LHON diagnosis: Opening peoples’ eyes to the invisible suffering of LHON patients

Views & Analysis

Maryse Roger has firsthand experience of Leber’s hereditary optic neuropathy (LHON), having first assisted her two brothers as their sight deteriorated and then leading the care of her son when he too was diagnosed with the vision loss condition.

Maryse has two siblings and her youngest brother, who died tragically in an accident last year, began showing signs of LHON when he was 21 years old, while for the older of her brothers it struck much earlier.

Now president of a French LHON patient group, she talked to pharmaphorum about the diagnosis of her brother and son, the impact the rare disease has had on her family, how physician understanding of LHON is changing and where Ouvrir Les Yeux is working to make a difference.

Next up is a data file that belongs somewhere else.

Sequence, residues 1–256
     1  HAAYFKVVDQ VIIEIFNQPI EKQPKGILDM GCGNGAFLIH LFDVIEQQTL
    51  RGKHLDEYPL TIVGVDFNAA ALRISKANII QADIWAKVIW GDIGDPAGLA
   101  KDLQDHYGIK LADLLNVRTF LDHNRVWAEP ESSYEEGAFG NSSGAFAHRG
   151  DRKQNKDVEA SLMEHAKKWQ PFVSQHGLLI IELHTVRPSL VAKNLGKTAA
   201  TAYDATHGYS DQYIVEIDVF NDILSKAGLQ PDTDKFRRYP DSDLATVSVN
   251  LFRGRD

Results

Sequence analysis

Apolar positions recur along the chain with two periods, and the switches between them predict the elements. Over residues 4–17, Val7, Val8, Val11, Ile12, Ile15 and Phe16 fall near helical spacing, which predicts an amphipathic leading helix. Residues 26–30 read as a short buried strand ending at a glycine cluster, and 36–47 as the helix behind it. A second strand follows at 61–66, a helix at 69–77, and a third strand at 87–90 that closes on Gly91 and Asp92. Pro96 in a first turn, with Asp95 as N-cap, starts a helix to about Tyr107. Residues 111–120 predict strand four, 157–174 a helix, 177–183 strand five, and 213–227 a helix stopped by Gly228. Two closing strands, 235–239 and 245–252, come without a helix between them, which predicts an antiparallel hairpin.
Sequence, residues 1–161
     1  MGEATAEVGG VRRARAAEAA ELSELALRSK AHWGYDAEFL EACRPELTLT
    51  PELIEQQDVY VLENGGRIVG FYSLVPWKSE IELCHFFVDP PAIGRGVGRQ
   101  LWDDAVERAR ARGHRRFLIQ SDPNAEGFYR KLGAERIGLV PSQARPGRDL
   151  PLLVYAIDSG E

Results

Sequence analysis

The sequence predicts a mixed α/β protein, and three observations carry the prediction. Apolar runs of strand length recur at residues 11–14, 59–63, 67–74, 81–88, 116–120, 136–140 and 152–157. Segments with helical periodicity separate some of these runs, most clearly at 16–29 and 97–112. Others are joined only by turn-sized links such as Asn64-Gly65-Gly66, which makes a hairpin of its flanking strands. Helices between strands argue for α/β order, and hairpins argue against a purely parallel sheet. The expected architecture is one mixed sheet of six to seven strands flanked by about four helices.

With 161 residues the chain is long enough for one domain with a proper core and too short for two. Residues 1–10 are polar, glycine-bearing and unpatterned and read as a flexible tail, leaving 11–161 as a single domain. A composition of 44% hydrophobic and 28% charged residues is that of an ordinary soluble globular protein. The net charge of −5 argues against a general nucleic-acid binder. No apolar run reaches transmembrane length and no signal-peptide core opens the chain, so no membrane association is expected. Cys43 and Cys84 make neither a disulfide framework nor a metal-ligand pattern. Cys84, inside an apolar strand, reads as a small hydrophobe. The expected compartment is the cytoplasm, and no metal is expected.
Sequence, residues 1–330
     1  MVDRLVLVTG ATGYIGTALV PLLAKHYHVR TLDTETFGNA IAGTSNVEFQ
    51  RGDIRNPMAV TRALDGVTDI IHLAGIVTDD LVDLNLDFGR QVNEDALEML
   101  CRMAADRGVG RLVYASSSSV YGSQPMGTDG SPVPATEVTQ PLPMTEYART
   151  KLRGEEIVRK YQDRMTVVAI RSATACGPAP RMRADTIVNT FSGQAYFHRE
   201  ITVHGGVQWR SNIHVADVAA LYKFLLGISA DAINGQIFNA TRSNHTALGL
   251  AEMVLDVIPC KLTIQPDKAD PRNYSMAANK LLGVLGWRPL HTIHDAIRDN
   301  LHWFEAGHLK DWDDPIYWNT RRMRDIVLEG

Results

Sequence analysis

Overcoming the shock of LHON diagnosis

It was a terrible shock to Maryse’s parents when her brother David started to suffer from LHON aged 10. They knew nothing about the condition and the terrible risk of blindness that it comes with, so faced a steep learning curve.

This process was helped by their son being treated in the Lille Teaching Hospital Centre. The centre has spent a number of years developing an interest in LHON and treats a relatively large number of LHON patients, so it was able to provide a faster than usual diagnosis. This was followed by initial treatment with a cortisone medicine, but that didn’t help improve things.

Nevertheless, Maryse’s brother David forged his way through the school system, beginning at a specialised school some 40 km from home and then continuing in mainstream education.

“My brother had the courage to go on to secondary school and higher education,” Maryse explains. “However, the adaptation of documents was down to the goodwill of teachers. While some of them were fantastic, others did not try to adapt their teaching. Fortunately, there was solidarity among the pupils.”